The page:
September is coming to a close and it’s time to look back at this month’s work and set some new goals for October. I’ve been talking with students about setting goals for work they want to keep doing and new work they want to try. I ask them, “What are you proud of? What do you want to keep up? What do you want to try out? What do you want to do more of? What needs some work?” I want students to understand that learning is about constantly outgrowing yourself. It’s about building on strengths and addressing needs. I also want to make sure they see that this is true for adults too. It’s not just one of those “school things” that we ask kids to do. So I’m trying to be more transparent this year about my own goal setting.
What am I proud of?
-This is my third year in this school, and I’m proud of the fact that I’m building some good relationships with students, families, teachers and administrators. This has helped me to get started more quickly this year and with work that is more meaningful. Teachers are willing to open up their classroom and let me try things out, and they are honest about their own work and their own strengths and needs.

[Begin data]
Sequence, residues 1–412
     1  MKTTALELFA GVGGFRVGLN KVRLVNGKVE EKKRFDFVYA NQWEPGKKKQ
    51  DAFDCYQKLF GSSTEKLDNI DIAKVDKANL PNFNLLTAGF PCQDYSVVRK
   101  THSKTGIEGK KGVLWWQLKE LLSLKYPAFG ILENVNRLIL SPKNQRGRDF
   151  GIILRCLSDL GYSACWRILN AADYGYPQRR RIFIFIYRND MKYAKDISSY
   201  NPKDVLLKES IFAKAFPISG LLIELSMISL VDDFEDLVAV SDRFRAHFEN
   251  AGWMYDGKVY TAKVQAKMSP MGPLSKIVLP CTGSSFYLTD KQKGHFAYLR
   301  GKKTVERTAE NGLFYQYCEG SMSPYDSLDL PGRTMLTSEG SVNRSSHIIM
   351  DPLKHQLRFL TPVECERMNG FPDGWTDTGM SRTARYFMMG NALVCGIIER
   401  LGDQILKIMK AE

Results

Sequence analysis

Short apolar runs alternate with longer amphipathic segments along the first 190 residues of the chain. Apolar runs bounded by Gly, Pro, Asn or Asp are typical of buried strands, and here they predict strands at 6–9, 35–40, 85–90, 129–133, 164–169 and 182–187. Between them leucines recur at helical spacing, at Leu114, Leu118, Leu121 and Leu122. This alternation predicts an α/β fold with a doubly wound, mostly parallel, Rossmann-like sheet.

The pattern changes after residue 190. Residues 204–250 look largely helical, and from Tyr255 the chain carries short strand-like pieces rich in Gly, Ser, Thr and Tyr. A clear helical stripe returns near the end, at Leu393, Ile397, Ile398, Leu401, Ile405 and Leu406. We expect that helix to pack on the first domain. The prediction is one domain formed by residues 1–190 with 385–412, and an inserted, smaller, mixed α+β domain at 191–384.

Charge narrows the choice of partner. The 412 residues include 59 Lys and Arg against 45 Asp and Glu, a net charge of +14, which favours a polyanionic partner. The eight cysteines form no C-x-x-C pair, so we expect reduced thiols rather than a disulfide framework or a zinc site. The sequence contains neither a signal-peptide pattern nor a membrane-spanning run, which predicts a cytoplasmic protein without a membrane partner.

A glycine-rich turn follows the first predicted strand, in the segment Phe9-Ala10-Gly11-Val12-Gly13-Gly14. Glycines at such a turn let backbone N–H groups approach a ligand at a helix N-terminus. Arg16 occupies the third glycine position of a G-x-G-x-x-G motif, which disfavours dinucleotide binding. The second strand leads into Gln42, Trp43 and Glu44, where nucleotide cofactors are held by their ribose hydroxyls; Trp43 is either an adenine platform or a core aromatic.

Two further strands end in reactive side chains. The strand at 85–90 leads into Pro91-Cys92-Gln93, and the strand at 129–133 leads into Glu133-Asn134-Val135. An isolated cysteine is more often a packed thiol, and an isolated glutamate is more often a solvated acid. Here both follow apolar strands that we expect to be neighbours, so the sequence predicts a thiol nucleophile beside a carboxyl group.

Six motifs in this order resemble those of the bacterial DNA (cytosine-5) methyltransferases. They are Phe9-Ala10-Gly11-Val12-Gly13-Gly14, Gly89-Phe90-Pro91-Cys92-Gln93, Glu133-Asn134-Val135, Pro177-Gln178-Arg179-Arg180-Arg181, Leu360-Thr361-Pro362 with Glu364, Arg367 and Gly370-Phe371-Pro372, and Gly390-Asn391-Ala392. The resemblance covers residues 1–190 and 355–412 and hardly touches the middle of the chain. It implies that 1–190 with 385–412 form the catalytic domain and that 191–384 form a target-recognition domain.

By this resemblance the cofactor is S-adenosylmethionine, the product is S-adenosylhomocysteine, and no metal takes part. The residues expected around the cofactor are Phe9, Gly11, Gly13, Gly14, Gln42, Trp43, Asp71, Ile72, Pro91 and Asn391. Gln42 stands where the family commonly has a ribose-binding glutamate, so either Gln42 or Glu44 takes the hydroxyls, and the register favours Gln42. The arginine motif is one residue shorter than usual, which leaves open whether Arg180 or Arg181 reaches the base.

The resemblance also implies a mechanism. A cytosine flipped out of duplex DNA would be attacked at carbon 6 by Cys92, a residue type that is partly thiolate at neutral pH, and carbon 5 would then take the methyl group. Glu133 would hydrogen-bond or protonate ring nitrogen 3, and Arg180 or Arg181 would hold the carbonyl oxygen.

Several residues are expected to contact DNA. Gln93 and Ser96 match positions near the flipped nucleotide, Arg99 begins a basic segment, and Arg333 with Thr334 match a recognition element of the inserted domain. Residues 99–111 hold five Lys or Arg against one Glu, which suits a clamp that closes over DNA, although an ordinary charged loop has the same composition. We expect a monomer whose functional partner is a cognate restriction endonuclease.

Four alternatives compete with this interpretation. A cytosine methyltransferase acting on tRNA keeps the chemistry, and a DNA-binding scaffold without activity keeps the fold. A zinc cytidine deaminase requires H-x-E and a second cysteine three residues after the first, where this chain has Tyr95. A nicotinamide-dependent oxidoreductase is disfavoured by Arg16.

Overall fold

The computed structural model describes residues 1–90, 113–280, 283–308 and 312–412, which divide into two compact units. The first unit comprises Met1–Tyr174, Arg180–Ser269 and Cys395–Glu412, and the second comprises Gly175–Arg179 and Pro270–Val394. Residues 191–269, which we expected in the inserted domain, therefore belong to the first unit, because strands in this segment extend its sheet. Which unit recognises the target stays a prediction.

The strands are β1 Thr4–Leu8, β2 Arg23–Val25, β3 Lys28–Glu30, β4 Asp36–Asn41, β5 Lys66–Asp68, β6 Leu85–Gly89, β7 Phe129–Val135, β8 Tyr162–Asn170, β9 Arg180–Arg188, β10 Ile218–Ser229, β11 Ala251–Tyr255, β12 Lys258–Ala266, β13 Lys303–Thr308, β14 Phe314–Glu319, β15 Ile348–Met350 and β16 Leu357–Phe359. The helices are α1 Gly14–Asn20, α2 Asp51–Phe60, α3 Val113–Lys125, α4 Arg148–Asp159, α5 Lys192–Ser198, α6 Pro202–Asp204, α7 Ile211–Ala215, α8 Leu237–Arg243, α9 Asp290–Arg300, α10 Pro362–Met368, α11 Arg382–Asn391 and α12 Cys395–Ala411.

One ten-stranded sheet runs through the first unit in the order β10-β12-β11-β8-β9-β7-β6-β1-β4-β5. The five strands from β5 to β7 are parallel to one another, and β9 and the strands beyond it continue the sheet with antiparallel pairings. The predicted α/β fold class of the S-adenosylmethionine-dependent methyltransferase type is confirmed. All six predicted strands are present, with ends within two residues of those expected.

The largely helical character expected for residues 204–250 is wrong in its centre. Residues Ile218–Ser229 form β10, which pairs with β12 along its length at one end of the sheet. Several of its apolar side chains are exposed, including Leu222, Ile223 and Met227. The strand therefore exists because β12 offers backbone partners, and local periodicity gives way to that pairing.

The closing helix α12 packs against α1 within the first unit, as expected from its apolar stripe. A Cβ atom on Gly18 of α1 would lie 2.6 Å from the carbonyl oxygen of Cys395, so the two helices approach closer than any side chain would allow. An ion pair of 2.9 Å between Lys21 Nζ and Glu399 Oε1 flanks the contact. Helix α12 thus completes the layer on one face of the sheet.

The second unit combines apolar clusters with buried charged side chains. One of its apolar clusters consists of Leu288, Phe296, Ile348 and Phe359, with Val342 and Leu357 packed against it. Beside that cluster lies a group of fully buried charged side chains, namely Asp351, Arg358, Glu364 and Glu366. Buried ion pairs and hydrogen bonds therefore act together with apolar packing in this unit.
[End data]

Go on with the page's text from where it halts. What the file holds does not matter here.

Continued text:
-I’m proud that I have continued to write on a regular basis. I have posted a “slice” on the Two Writing Teachers site every Tuesday (with the exception of one)! I have also joined an incredible group of teachers in the district. We are studying Ralph Fletcher’s Joy Write and reflecting on our practice. Being a writer and talking with other writers has most definitely improved my teaching of writing and my coaching work.
What do I want to do more of?
-I’m in classrooms working “shoulder to shoulder” with teachers on things like designing Interactive Read Alouds that really push student thinking, using writing to plan instruction, and building toolkits to help with conferring. I can only do this by partnering with teachers, rolling up our sleeves, and trying to figure stuff out.
As October arrives, I want to push myself to do more of this kind of work. I know I will need to run professional development sessions, order materials, model lessons, and demonstrate components of Balanced Literacy, but I think the work that has the greatest impact on student learning will be the work that results from working together shoulder-to-shoulder.